the people’s ski hill
Features affordable and
night skiing for kids
By DICK DORWORTH
Express Staff Writer
The best lift-serviced skiing in
the southern Wood River Valley is found at Rotarun, a few miles west of
Hailey out Croy Canyon. Among other things, it is the Wood River
Valley’s answer to the exorbitant cost of modern skiing in America.
Ketchum-Sun Valley was recently
described as being known "to have residents’ net worth statements
boasting more zeros than there are bubbles in champagne," but that
certainly does not describe the majority of Wood River Valley residents.
Sun Valley, just a few miles north of Rotarun, is one of America’s
premier ski resorts, but it is simply too expensive for the pocketbooks
of many local working families.
Ski lift prices at Rotarun,
however, run from $5 for 6 to 14-year-olds, $10 for anyone over 15
years, and a range of season passes from $50 for 6 to 14-year-olds to
$200 for a family of 6 or more.
Rotarun has a Doppelmyr surface
lift, a rope tow, a warming hut and restaurant and 475 vertical feet of
skiing. It has lights for night skiing and offers the only night skiing
within a three-hour drive.
It was first used as a ski hill in
the late 1940s when Anne Jeannette Winn taught kids to ski by hiking up.
A little later, after a rustic rope tow was installed, Jim Savaria
offered lessons for $1 a week. The hill received a community boost in
1957 when Hailey dentist Dr. Art Richards worked with the Hailey Rotary
Club to replace the old rope tow with a newer one, thus the name Rotarun.
Also that year, the Arkoosh family of Gooding gave the Rotarun a 99-year
lease on the land for $1 a year, thus the annual "Arkoosh Cup" ski race.
In 1993 the property was deeded to Blaine County, with the original
lease and mineral rights owned by Rotarun.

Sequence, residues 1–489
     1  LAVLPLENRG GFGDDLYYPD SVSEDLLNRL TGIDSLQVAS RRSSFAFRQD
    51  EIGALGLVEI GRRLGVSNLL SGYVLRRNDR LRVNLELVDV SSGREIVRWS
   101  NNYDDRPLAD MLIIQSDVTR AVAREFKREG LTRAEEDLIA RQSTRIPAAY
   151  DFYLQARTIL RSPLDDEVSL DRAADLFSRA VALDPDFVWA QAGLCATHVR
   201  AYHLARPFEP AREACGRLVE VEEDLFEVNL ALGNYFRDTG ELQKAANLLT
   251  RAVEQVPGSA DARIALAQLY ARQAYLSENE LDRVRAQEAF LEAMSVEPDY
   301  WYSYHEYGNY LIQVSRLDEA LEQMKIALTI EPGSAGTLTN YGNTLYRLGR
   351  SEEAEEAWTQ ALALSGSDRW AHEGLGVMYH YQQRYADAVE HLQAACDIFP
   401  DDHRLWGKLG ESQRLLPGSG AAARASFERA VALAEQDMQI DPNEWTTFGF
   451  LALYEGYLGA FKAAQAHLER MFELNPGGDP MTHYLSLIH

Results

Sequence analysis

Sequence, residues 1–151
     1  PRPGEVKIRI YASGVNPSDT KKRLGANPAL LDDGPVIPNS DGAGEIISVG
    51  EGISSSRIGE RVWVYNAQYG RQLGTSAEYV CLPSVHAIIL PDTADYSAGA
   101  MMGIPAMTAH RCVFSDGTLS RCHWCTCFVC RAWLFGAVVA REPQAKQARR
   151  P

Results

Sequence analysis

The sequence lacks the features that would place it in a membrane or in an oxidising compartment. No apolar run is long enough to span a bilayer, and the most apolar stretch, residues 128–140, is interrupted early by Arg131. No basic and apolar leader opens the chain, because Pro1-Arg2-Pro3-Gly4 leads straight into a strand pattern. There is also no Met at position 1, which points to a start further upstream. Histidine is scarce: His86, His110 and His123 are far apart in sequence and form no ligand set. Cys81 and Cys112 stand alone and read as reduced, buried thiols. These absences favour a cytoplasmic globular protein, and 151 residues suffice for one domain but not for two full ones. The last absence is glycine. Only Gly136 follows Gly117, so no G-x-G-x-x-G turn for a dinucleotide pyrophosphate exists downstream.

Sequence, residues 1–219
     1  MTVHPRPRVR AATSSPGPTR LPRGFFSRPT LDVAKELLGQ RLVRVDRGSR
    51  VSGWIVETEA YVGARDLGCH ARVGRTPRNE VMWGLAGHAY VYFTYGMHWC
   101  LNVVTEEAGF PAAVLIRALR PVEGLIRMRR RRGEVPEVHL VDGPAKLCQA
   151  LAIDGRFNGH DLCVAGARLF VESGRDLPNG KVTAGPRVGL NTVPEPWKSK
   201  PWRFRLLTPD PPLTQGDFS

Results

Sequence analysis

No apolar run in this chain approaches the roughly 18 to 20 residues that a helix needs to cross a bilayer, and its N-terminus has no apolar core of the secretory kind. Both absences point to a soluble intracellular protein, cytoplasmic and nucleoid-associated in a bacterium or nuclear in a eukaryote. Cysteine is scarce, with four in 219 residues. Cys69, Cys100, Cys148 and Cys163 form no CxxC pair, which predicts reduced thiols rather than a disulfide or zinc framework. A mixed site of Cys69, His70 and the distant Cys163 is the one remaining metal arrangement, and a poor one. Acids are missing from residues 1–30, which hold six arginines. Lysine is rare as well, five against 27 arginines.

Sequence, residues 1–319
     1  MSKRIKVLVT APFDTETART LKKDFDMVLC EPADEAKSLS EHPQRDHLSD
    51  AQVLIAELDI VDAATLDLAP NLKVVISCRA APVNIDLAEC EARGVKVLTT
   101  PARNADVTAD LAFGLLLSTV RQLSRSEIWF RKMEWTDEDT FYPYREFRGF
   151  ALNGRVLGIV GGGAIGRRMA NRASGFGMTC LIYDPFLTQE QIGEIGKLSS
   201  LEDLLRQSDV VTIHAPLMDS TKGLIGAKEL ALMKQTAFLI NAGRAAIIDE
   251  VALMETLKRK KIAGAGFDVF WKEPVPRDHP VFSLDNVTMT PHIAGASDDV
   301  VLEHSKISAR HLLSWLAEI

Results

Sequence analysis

A great many local kids have
learned to ski and refined their technique on the Rotarun slopes over
the past 60 years. Among the best known are Olympic champion Picabo
Street and Paralympic medallist Muffy Davis.
In 1964 the original J-bar to the
top of the mountain and lights for night skiing were installed. The
following year the first warming hut was built. Much of these and
subsequent improvements were in the form of donated labor and materials.
In 2001 a new Doppelmyr surface lift was installed at a cost of
$180,000. Among the hundreds of people who have contributed to the
continuation of this unique cooperative recreational facility are Jim
Hurst, Sam Winn, Sid Worry, Jay Deering, Charles and Pilar Harris, Bob
and Betty Logan, Dale and Leona Peterson, Floyd Patterson, Bob Riggen,
Tom and Dorthy Ficka, George Rathke, Leo Starvos, John Holmes, Jim
Savaria, Glenn Stelma, Ralph Cisco, David Lee, Joe Malea, Lee Schlander,
Jim Koonce, Dick Anderson, Don and Linda Board, Sam Myers, Pete
Vandermullen, Chuck Curtis, Vint and Linda Hughes, Anne Williams, Dean
Dazell, Neil Patterson, Dick Fosbury, Robb Thomas, Bob and Tom Logan, Ed
Cameron, Larry Flynn, Joe Cannon and Red Bloedel.
Bloedel, a retired aerospace
executive, is heading up the current drive to keep Rotarun alive and
flourishing, an interest he embraced because his grandson, Forrest
Fleming, learned to ski there.
Rotarun is a community effort that
was started, built and is maintained by the work of many volunteers,
donations from many people and a few foundations, and a few fund raiser
events. Saturday night’s Rotarun Bash at the Hailey Armory, featuring
long-time Sun Valley resident and entertainer Joe Cannon, is the biggest
of the year. It begins at 6:30 p.m.
In addition to Joe Cannon’s fine
entertainment, there will be a light buffet, wine, beer and soda and
both a live and a silent auction. Donations are accepted and "A Piece of
the Mountain" certificates are for sale in amounts of $100, $500 and
$1,000. Tickets are $30 each for the event and are available beforehand
at Chapter One in Ketchum and at Sturtevants in Hailey.